HOUSEHOLD REALTY CORP. PLAINTIFF-APPELLEE
NANCY CIPPERLEY DEFENDANT-APPELLANT
Civil Appeal from the County Court #2 of Mahoning County, Ohio Case No. 09CVF0785
For Plaintiff-Appellee: Atty. James Oh Atty. Mark C. Brncik Atty. Steven Alsip Javitch, Block & Rathbone, LLC
For Defendant-Appellant: Atty. Bruce M. Broyles
Hon. Cheryl L. Waite Hon. Gene Donofrio Hon. Joseph J. Vukovich
(¶1} Appellant Nancy Cipperley appeals from the denial of her Civ.R. 60(B)(5) motion for relief from judgment after she failed to make payments on her personal line of credit obtained from Appellee Household Realty Corporation ("Household Realty"). Household Realty filed a complaint for the unpaid debt in the Mahoning County Court #2. Appellant failed to answer the complaint or make an appearance. The court awarded Household Realty default judgment. Household Realty later attempted to garnish Appellant's wages, but the garnishment order was denied because Appellant had entered into a consumer counseling program for the repayment of her debts, pursuant to R.C. 2716.03(B). Appellant then filed a motion for relief from judgment on the grounds that Household Realty may have violated R.C. 2716.03(B) by attempting to garnish her wages a second time after she had entered into a debt counseling agreement. The motion was denied.
(¶2} Appellant understands that there are three requirements for granting relief under Civ.R. 60(B)(5): there must be a meritorious defense to the underlying claim, there must be a valid reason for relief under subsection (B)(5), and the motion must be filed within a reasonable time. GTE Automatic Electric, Inc. v. ARC Industries, 47 Ohio St.2d 146, 351 N.E.2d 113 (1976). Appellant did not satisfy any of the three requirements. Her alleged defense relates to the garnishment process rather than the underlying judgment, and Ohio law does not allow a judgment debtor to relitigate the original judgment as part of the garnishment proceedings. She also waited two years to file the motion, which is an unreasonable period. Finally, she failed to show that the garnishment or debt counseling statutes entitle her to any type of relief. The trial court was correct in denying the motion for relief from judgment, and the judgment is affirmed.
(¶3} On November 9, 2004, Appellant entered into a credit agreement with Household Realty with a credit limit of $8, 000. After Appellant failed to make payments on the line of credit, Household Realty filed a complaint for collection of a debt on July 13, 2009. Appellant failed to answer the complaint or otherwise make an appearance in the action, and default judgment was granted on September 15, 2009, in the amount of $11, 837.69, with interest to accrue at the contract rate of 21.25%. No appeal was filed.
(¶4} Appellant subsequently entered into an agreement with GreenPath Debt Solutions, a debt counseling service, to arrange the repayment of her debts. When Household Realty attempted to garnish Appellant's wages on February 22, 2011, she challenged the garnishment on the grounds that she had a legal excuse to avoid garnishment of personal earnings. The matter was heard before a magistrate, and the garnishment order was denied on March 22, 2011, because Appellant was working with a debt counseling service. On November 10, 2011, Appellant filed a Civ.R. 60(B)(5) motion for relief from judgment of the September 15, 2009, default judgment on the grounds that Household Realty had violated the statute governing consumer debt counseling. The motion was heard before a magistrate and denied on February 8, 2012. Appellant filed objections, but her objections were overruled on May 15, 2012, and the motion for relief from judgment was denied. Appellant then filed an appeal of the denial of her Civ.R. 60(B)(5) motion.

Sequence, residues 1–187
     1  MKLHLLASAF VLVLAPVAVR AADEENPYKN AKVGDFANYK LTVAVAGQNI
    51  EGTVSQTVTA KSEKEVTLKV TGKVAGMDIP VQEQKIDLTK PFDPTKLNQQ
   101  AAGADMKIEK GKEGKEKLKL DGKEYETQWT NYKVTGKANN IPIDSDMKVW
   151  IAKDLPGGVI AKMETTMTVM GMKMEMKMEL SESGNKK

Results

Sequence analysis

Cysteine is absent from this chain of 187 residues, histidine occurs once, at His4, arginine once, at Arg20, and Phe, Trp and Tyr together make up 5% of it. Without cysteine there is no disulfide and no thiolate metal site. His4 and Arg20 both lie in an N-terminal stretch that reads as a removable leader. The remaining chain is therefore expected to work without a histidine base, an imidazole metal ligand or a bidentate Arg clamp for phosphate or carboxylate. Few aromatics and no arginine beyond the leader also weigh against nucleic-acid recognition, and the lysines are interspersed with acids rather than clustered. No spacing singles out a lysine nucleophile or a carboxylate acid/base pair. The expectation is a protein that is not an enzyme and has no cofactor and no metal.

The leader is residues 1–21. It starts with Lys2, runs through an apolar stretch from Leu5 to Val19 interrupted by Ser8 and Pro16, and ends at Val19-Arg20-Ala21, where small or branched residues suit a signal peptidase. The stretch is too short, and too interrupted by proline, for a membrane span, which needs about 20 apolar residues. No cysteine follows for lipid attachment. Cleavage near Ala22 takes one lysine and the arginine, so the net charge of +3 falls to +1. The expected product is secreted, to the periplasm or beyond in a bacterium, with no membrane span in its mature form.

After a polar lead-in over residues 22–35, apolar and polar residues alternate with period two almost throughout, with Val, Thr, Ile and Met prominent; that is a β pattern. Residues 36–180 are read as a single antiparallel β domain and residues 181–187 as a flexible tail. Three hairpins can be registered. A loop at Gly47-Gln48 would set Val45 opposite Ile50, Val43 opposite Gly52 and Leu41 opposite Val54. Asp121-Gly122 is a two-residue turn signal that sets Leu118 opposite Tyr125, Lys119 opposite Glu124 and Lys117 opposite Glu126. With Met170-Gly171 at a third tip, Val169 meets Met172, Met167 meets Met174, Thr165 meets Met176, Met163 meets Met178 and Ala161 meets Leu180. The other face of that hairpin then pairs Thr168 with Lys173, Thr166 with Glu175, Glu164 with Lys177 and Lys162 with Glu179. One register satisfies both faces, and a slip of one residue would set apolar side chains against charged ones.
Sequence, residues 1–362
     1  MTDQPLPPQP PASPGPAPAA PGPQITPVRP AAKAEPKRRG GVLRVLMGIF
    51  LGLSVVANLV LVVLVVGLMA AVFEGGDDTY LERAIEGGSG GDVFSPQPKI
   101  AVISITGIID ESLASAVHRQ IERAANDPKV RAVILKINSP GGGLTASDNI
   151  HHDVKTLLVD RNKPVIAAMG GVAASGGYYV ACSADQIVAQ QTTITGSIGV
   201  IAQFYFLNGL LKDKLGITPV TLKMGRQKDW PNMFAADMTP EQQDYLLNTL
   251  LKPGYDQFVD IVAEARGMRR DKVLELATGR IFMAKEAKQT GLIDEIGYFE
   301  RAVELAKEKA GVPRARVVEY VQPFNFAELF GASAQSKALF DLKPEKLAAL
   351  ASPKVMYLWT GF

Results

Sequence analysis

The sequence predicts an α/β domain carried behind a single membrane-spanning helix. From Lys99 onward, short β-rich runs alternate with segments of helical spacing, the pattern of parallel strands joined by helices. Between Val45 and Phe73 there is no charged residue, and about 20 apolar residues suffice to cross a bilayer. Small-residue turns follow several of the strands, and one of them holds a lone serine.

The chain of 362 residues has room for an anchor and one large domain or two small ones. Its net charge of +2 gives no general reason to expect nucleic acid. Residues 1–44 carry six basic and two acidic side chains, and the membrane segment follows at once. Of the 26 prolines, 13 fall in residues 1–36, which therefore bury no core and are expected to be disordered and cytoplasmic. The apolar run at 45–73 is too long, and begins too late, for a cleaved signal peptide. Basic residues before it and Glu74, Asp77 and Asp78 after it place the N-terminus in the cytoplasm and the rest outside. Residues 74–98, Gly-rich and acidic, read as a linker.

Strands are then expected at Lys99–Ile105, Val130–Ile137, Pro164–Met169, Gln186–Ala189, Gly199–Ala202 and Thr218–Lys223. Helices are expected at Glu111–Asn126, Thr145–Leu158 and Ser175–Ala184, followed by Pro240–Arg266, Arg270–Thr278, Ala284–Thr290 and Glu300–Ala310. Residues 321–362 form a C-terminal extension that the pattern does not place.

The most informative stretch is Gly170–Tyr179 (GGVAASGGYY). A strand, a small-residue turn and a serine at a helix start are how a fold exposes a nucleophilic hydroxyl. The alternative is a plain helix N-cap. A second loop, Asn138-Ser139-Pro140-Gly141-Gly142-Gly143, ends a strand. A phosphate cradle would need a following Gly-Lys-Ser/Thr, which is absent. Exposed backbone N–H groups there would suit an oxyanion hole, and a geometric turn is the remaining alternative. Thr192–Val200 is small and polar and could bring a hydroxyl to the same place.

Law governing Civ.R. 60(B) motions for relief from judgment
(¶5} According to Civ.R. 60(B), a court may relieve a party or legal representative from a final judgment, order or proceeding for the following reasons: (1) mistake, inadvertence, surprise or excusable neglect; (2) newly discovered evidence which by due diligence could not have been discovered in time to move for a new trial under Civ.R. 59(B); (3) fraud (whether heretofore denominated intrinsic or extrinsic), misrepresentation or other misconduct of an adverse party; (4) the judgment has been satisfied, released or discharged, or a prior judgment upon which it is based has been reversed or otherwise vacated, or it is no longer equitable that the judgment should have prospective application; or (5) any other reason justifying relief from the judgment.
(¶6} Civ.R. 60(B) is a remedial rule to be liberally construed so that the ends of justice may be served. Colley v. Bazell, 64 Ohio St.2d 243, 249, 416 N.E.2d 605 (1980). A trial court's ruling on a Civ.R. 60(B) motion is reviewed only for abuse of discretion. Griffey v. Rajan, 33 Ohio St.3d 75, 77, 514 N.E.2d 1122 (1987); Pons v. Ohio State Med. Bd, 66 Ohio St.3d 619, 621, 614 N.E.2d 748 (1993). Abuse of discretion may be indicated by a ruling that is arbitrary, unreasonable or unconscionable. Blakemore v. Blakemore, 5 Ohio St.3d 217, 219, 450 N.E.2d 1140 (1983).
(¶7} In order to prevail on a motion for relief from judgment pursuant to Civ.R. 60(B), the appellant must demonstrate that: (1) the party has a meritorious defense or claim to present if relief is granted; (2) the party is entitled to relief under one of the grounds stated in Civ.R. 60(B)(1) through (5); and (3) the motion is made within a reasonable amount of time, and, where the grounds of relief are Civ.R. 60(B)(1), (2), or (3), not more than one year after the judgment, order or proceeding was entered or taken. GTE Automatic Electric, Inc., supra, 47 Ohio St.2d 146, 351 N.E.2d 113, paragraph two of the syllabus. If any of the three GTE ...